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From the front the FX7 has a far less oblong appearance than the FX5, it seems better proportioned and is quite a bit smaller than that camera (112 cm³ vs. 172 cm³). The body is made from metal with a fashionable (if less than practical) chrome band wrapping the rounded sides and camera top. At the front is what sets this camera apart from other ultra compact digital cameras, a 3x zoom image stabilized lens system. It's a lens compact enough to retract back completely into the camera body and yet features a stabilized lens element, pretty remarkable. On the downside it's not very fast, F2.8 at wide angle but F5.0 at telephoto, although obvious having OIS can compensate somewhat.

The rear of the camera is dominated by a huge 2.5-inch LCD monitor, which takes up around two thirds of the surface area. It's nice to see that despite its tiny dimensions the designers have managed to retain plenty of external controls (which follow the now well established Panasonic layout), though they are inevitably a touch on the small side.

Side by side

As you can see the FX7 is noticeably smaller than the FX5 and also looks surprisingly small next to Konica Minolta's DiMAGE X31 (not competition simply here for a size comparison).

In your hand

Despite its diminutive proportions the FX7 does actually work quite well in your hand, with the slightly recessed thumb grip on the rear ensuring a fairly steady hold. We found it fairly easy to shoot single handed and still get good results. The combination of metals used give the camera a 'quality' feel, and it really is truly pocketable. It's light (153g), but well balanced. The only handling problem we found was that it's a little to easy to accidentally press the controls (changing the flash mode, for example) with your thumb when using the camera - an inevitable consequence of such a tiny body. The design and size of the body and positioning of the shutter release also makes camera shake more of an issue than it would be in a larger camera, so it's a good job Panasonic included image stabilization!

Body elements

The combined battery and SD storage compartment is found in the base of the camera on the right side under a slightly flimsy hinged cover (one of the only bits of plastic on the body). The battery held in place by a secondary spring clip.
The battery is a 3.7 V 710 mAh Lithium-Ion unit and is charged by the dedicated charger. We found battery life to be on the low side to say the least; the 120 shots maximum (CIPA standard) is optimistic and depends on incredible self-control when it comes to using the playback (and this camera's big screen means people just keep asking to look at it!). The lack of an optical viewfinder means you really do need to budget for a second battery.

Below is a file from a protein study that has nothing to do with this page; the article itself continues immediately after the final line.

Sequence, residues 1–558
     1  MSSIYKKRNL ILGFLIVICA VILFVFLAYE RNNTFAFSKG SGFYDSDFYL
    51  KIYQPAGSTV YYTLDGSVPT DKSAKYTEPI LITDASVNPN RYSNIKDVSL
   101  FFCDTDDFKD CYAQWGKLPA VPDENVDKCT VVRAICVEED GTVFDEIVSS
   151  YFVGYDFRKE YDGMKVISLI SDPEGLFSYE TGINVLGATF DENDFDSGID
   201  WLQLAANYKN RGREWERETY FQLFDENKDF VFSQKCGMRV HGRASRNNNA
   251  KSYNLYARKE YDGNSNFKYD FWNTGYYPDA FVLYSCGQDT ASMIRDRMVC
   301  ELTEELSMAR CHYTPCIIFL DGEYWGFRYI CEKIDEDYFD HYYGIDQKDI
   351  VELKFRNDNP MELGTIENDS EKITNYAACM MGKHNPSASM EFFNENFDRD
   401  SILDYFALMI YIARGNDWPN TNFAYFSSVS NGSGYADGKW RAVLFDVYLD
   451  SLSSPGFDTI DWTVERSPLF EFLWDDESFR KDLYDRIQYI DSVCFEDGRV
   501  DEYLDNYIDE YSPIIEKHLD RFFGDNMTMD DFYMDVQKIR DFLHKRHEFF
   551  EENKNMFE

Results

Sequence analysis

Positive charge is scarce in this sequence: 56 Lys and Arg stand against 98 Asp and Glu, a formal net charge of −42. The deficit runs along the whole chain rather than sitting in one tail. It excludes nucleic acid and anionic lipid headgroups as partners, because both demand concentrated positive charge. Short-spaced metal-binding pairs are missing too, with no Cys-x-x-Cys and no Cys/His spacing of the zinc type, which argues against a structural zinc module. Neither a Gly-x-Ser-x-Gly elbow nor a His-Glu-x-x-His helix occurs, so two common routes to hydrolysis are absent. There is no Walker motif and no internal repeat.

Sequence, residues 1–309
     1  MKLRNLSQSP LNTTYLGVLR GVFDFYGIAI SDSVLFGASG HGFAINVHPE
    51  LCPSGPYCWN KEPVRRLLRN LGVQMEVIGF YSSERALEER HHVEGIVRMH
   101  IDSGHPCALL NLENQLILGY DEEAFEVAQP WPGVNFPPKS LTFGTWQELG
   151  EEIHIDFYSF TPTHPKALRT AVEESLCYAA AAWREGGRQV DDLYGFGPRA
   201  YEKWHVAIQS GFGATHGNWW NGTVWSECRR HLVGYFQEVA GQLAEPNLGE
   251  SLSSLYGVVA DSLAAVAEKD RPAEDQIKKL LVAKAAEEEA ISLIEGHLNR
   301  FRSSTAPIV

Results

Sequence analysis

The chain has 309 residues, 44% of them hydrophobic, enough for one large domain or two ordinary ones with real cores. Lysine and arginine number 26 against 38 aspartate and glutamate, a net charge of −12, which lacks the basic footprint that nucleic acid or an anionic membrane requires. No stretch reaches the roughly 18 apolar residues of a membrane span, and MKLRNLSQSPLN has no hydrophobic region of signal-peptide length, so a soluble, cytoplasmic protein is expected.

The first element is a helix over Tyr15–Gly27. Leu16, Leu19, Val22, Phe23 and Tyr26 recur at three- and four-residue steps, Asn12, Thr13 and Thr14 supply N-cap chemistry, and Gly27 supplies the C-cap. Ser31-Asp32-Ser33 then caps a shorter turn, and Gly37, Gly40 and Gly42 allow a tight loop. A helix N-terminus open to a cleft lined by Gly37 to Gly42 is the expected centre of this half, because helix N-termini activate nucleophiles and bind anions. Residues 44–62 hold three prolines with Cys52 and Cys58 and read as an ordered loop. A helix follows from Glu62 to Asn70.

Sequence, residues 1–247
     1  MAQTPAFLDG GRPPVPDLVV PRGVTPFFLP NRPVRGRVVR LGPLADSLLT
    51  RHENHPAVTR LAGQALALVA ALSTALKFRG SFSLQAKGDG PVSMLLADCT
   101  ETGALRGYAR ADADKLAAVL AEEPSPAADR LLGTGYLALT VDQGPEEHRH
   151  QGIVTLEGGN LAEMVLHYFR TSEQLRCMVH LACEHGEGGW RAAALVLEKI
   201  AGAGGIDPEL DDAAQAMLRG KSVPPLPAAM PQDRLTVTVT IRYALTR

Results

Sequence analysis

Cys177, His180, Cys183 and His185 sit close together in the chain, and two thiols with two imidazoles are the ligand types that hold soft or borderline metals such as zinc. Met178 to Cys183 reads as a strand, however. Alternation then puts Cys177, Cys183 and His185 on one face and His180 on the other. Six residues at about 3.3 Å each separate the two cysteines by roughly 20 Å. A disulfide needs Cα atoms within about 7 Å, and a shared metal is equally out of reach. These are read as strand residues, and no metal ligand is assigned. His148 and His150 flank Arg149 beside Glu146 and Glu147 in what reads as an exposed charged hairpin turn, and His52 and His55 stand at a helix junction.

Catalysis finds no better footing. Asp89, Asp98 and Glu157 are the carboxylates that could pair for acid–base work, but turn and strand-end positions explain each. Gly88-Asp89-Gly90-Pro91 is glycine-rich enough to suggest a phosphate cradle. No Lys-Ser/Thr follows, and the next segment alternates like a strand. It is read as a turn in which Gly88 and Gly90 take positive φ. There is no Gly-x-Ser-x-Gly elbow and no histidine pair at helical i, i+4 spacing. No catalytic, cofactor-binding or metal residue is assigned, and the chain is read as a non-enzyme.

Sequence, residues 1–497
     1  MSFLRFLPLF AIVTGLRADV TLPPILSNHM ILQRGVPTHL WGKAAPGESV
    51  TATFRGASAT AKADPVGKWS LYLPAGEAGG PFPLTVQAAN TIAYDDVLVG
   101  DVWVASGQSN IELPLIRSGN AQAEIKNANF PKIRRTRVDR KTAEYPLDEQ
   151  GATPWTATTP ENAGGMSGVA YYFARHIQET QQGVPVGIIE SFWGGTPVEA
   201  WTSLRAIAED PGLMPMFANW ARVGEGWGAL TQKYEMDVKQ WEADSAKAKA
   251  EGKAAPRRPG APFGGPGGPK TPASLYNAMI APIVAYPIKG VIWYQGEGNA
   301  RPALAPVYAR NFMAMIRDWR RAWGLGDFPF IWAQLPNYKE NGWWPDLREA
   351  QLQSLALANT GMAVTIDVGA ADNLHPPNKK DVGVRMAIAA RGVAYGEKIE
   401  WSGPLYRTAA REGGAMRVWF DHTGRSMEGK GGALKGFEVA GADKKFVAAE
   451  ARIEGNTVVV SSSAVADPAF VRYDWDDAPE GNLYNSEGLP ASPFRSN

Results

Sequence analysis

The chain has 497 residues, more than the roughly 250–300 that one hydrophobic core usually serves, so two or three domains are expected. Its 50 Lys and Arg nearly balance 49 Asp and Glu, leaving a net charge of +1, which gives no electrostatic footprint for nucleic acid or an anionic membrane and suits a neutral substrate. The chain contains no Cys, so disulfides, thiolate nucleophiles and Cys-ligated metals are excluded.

On the right side of the camera (from the rear) is a rubber compartment cover which has a chrome plastic 'cap' on it so that when closed it blends neatly into the rest of the camera styling. Behind it is the combined AV/USB connector and DC-IN connector.
The 114,000 pixel, 2.5-inch LCD screen is bright and clear, and has a high enough refresh rate to appear virtually lag-free. It works well in practically every situation - though (as with all screens) it can be a little difficult to see in very bright direct sunlight. As is often the case for large monitors the display pixel count isn't high enough to do the screen justice and the image can often appear pixelated (it's just what happens when you stretch 114,000 pixels over a 2.5-inch screen)
The 35-105mm equiv. lens retracts almost completely flush into the body and extends by around 18mm when powered up. That Panasonic has managed to squeeze an optical stabilization system into such a tiny lens on a tiny camera is a tribute to the skills of the designers involved. Of course, this being a Lumix camera, the lens proudly sports the Leica name (it's a 7-element Elmarit with 3 aspherical elements for those who are interested in that kind of thing).
Despite filling over two-thirds of the rear of the camera with that huge 2.5-inch screen Panasonic's designers resisted the temptation to move the majority of the FX7's controls into menus. The small, but perfectly usable, buttons give direct access to most of the everyday shooting controls (flash, AE compensation, macro, self-timer and so on).
The top plate also has its fair share of controls. The shutter release sits inside the zoom rocker, both of which have a nice positive action. In a first for Panasonic the O.I.S gets its own dedicated button. To the left of the shutter release is the power switch. Recessed into the rear of the camera is the main mode dial, which has positions for record, simple mode, play, macro, scene mode and movie mode.
The small flash is more powerful than you'd expect, but still only reaches about 13 feet at the wide end of the zoom (auto ISO). It's a little too close to the lens for our liking, meaning red-eye is a fairly common unless you use the anti-red eye setting. The pre-flash delays things by just under a second, meaning there's a risk your subject will move before the picture is taken.
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